Finch’s Landing consisted of three hundred and sixty-six steps down a high bluff andending in a jetty. Farther down stream, beyond the bluff, were traces of an old cottonlanding, where Finch Negroes had loaded bales and produce, unloaded blocks of ice,flour and sugar, farm equipment, and feminine apparel. A two-rut road ran from theriverside and vanished among dark trees. At the end of the road was a two-storied whitehouse with porches circling it upstairs and downstairs. In his old age, our ancestorSimon Finch had built it to please his nagging wife; but with the porches all resemblanceto ordinary houses of its era ended. The internal arrangements of the Finch house wereindicative of Simon’s guilelessness and the absolute trust with which he regarded hisoffspring.

  There were six bedrooms upstairs, four for the eight female children, one for WelcomeFinch, the sole son, and one for visiting relatives. Simple enough; but the daughters’

  rooms could be reached only by one staircase, Welcome’s room and the guestroomonly by another. The Daughters’ Staircase was in the ground-floor bedroom of theirparents, so Simon always knew the hours of his daughters’ nocturnal comings andgoings.

  There was a kitchen separate from the rest of the house, tacked onto it by a woodencatwalk; in the back yard was a rusty bell on a pole, used to summon field hands or as adistress signal; a widow’s walk was on the roof, but no widows walked there—from it,Simon oversaw his overseer, watched the river-boats, and gazed into the lives ofsurrounding landholders.

  There went with the house the usual legend about the Yankees: one Finch female,recently engaged, donned her complete trousseau to save it from raiders in theneighborhood; she became stuck in the door to the Daughters’ Staircase but wasdoused with water and finally pushed through. When we arrived at the Landing, AuntAlexandra kissed Uncle Jack, Francis kissed Uncle Jack, Uncle Jimmy shook handssilently with Uncle Jack, Jem and I gave our presents to Francis, who gave us a present.

  Jem felt his age and gravitated to the adults, leaving me to entertain our cousin. Franciswas eight and slicked back his hair.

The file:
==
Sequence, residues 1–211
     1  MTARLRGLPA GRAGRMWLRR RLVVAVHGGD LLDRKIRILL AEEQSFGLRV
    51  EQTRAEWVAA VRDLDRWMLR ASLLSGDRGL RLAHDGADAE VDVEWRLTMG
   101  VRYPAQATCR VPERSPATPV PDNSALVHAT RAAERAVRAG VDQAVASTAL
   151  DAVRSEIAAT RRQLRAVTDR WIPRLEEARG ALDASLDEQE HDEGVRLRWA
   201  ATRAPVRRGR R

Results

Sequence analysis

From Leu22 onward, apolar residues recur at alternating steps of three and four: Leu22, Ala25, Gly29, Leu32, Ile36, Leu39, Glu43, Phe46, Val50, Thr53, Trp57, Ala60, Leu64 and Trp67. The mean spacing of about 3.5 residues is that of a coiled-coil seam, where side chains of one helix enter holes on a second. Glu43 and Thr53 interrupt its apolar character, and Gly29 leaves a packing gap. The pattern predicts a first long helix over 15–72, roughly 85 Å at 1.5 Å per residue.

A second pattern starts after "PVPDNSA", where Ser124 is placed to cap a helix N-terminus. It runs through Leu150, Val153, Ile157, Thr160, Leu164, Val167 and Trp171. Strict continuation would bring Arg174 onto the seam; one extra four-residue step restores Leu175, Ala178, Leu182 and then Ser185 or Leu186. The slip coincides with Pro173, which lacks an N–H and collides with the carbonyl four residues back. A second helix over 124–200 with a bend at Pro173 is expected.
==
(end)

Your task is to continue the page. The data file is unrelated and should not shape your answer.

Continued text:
“What’d you get for Christmas?” I asked politely.

  “Just what I asked for,” he said. Francis had requested a pair of knee-pants, a redleather booksack, five shirts and an untied bow tie.

  “That’s nice,” I lied. “Jem and me got air rifles, and Jem got a chemistry set—”

  “A toy one, I reckon.”

  “No, a real one. He’s gonna make me some invisible ink, and I’m gonna write to Dill init.”

  Francis asked what was the use of that.

  “Well, can’t you just see his face when he gets a letter from me with nothing in it? It’lldrive him nuts.”

  Talking to Francis gave me the sensation of settling slowly to the bottom of the ocean.

  He was the most boring child I ever met. As he lived in Mobile, he could not inform onme to school authorities, but he managed to tell everything he knew to Aunt Alexandra,who in turn unburdened herself to Atticus, who either forgot it or gave me hell,whichever struck his fancy. But the only time I ever heard Atticus speak sharply toanyone was when I once heard him say, “Sister, I do the best I can with them!” It hadsomething to do with my going around in overalls.

  Aunt Alexandra was fanatical on the subject of my attire. I could not possibly hope tobe a lady if I wore breeches; when I said I could do nothing in a dress, she said I wasn’tsupposed to be doing things that required pants. Aunt Alexandra’s vision of mydeportment involved playing with small stoves, tea sets, and wearing the Add-A-Pearlnecklace she gave me when I was born; furthermore, I should be a ray of sunshine inmy father’s lonely life. I suggested that one could be a ray of sunshine in pants just aswell, but Aunty said that one had to behave like a sunbeam, that I was born good buthad grown progressively worse every year. She hurt my feelings and set my teethpermanently on edge, but when I asked Atticus about it, he said there were alreadyenough sunbeams in the family and to go on about my business, he didn’t mind memuch the way I was.

  At Christmas dinner, I sat at the little table in the diningroom; Jem and Francis sat withthe adults at the dining table. Aunty had continued to isolate me long after Jem andFrancis graduated to the big table. I often wondered what she thought I’d do, get up andthrow something? I sometimes thought of asking her if she would let me sit at the bigtable with the rest of them just once, I would prove to her how civilized I could be; afterall, I ate at home every day with no major mishaps. When I begged Atticus to use hisinfluence, he said he had none—we were guests, and we sat where she told us to sit.

  He also said Aunt Alexandra didn’t understand girls much, she’d never had one.

  But her cooking made up for everything: three kinds of meat, summer vegetables fromher pantry shelves; peach pickles, two kinds of cake and ambrosia constituted a modestChristmas dinner. Afterwards, the adults made for the livingroom and sat around in adazed condition. Jem lay on the floor, and I went to the back yard. “Put on your coat,”

  said Atticus dreamily, so I didn’t hear him.

  Francis sat beside me on the back steps. “That was the best yet,” I said.

  “Grandma’s a wonderful cook,” said Francis. “She’s gonna teach me how.”

  “Boys don’t cook.” I giggled at the thought of Jem in an apron.